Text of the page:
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The urgency of addressing the climate crisis has been widely recognized by world governments, international organizations, various corporations, and the broader civil society. The Paris Climate Conference (COP21) in December 2015 was a significant milestone for global efforts to address Greenhouse Gas (GHG) emissions. In this agreement all countries agreed to keep the earth’s temperature 2 °C below what the temperature was during pre-industrial temperature levels and to pursue efforts to reduce even more to 1.5°C. However, with the current rate of GHG emissions, the Paris Climate Agreement[1] will fail to keep global warming below 2 °C by 2100. The 2016 UN Emissions Gap Report states that national mitigation pledges are still insufficient for reaching the goal of limiting global temperature rise to below 2°C above pre-industrial levels[2]. The Intergovernmental Panel on Climate Change (IPCC) has estimated that decarbonization and negative emissions would be required in order to achieve this goal.

“With the current rate of GHG emissions, the Paris Climate Agreement[3] will fail to keep global warming below 2 °C by 2100.”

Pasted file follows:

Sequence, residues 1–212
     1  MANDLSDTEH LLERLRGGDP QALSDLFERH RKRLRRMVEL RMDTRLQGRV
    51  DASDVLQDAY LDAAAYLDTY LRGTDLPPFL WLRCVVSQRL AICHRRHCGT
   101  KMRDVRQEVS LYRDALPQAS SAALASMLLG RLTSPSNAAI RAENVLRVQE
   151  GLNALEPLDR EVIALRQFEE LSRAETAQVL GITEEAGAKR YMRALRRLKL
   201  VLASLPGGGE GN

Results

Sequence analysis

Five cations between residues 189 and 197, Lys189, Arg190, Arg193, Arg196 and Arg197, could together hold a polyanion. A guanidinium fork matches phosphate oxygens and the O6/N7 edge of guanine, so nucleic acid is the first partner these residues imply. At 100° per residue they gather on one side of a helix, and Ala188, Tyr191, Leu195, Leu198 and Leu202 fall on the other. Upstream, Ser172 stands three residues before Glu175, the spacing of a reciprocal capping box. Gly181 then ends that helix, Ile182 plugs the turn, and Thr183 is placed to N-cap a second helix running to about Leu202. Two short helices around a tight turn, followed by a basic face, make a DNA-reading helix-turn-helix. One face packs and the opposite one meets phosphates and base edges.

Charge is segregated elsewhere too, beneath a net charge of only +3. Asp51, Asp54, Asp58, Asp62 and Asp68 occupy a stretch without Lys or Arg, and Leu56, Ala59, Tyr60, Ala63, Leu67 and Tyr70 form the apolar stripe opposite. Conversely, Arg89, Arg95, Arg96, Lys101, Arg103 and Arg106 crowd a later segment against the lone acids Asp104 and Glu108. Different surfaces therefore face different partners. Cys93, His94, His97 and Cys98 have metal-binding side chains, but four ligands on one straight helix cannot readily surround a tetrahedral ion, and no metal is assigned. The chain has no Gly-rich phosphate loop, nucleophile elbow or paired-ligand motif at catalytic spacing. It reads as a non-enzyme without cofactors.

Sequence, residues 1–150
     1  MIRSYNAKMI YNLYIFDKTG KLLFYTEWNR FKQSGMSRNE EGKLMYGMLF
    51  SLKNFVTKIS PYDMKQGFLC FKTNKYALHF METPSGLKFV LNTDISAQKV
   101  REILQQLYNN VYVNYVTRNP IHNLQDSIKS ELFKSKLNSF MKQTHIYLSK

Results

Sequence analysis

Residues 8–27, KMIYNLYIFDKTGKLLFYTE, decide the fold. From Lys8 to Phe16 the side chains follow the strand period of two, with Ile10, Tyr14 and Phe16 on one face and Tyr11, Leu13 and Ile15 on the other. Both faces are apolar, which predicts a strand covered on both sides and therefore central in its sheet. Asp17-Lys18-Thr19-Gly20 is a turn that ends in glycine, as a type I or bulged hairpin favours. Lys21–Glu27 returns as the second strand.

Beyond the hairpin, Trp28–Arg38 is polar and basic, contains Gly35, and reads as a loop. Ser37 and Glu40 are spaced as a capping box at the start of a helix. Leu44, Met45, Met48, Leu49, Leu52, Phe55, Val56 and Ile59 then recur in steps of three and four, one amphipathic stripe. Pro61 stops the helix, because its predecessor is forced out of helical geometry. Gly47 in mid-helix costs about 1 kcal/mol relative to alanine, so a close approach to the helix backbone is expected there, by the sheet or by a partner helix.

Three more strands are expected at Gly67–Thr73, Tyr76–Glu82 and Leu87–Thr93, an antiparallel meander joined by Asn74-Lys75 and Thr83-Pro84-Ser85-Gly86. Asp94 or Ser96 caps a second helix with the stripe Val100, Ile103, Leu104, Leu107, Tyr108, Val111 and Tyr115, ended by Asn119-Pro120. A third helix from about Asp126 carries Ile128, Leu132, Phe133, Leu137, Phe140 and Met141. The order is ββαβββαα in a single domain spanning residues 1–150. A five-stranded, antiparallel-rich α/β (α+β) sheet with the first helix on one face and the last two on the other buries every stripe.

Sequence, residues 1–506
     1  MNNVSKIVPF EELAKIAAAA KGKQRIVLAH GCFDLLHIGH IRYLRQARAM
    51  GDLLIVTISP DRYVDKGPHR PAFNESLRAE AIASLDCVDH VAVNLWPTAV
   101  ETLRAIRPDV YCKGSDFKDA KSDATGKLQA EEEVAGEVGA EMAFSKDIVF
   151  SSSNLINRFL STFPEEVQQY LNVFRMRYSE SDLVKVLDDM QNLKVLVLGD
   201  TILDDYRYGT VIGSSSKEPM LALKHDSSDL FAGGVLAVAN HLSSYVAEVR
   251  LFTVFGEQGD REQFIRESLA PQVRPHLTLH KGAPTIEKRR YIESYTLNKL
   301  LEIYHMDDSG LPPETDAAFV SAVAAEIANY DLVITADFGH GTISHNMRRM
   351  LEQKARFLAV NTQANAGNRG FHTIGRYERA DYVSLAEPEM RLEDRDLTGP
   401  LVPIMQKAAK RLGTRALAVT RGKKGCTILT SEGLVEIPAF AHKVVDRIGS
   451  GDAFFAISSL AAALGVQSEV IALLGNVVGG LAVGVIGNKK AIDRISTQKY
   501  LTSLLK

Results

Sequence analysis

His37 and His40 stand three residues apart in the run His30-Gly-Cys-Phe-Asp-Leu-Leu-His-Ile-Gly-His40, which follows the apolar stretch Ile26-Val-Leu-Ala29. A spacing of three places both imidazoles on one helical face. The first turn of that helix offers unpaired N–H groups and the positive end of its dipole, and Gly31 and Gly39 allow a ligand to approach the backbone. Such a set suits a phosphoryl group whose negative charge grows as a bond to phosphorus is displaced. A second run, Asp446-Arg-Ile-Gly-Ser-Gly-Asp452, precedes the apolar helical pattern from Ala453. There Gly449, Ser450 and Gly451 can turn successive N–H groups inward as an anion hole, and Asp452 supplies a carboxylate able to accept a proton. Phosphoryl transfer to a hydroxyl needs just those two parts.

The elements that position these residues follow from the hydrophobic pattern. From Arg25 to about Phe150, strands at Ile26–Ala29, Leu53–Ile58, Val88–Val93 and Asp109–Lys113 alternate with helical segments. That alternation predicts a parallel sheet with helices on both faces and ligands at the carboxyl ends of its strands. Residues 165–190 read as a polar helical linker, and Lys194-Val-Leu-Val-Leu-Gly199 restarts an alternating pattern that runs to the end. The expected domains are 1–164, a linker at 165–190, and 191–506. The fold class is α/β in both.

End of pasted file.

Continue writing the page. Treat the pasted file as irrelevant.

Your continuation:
The climate crisis is a complex one, and many issues certainly come into play. One key issue is the lack of political will; we are simply not trying hard enough. Another issue is that understanding the most important fundamental technical concepts relevant to the climate debate is challenging for decision makers. In this article we will touch on some of the important aspects that we believe are of absolute importance. Understanding these aspects will help enrich and inform decision making and public discussions.

Emissions Scopes

This concept identifies the boundaries of the challenge, it is like wrapping your hands around the target. Emission scopes were developed by Greenhouse Gas Protocol in 2016 for buildings However, we believe they are still useful as a general concept that can be expanded to other areas. These scopes identify the location of the emissions among other important aspects. This is very important because some technology advocates can claim that certain technologies at certain locations do not produce emissions where the energy is consumed, while in fact using these technologies will not mitigate GHG emissions. For example electric cars or hydrogen combustion technologies are being targeted as emission mitigating technologies however, using such technologies may not mitigate emissions because the emission scopes are not fully considered. Now, let’s expand on this concept of emission scopes.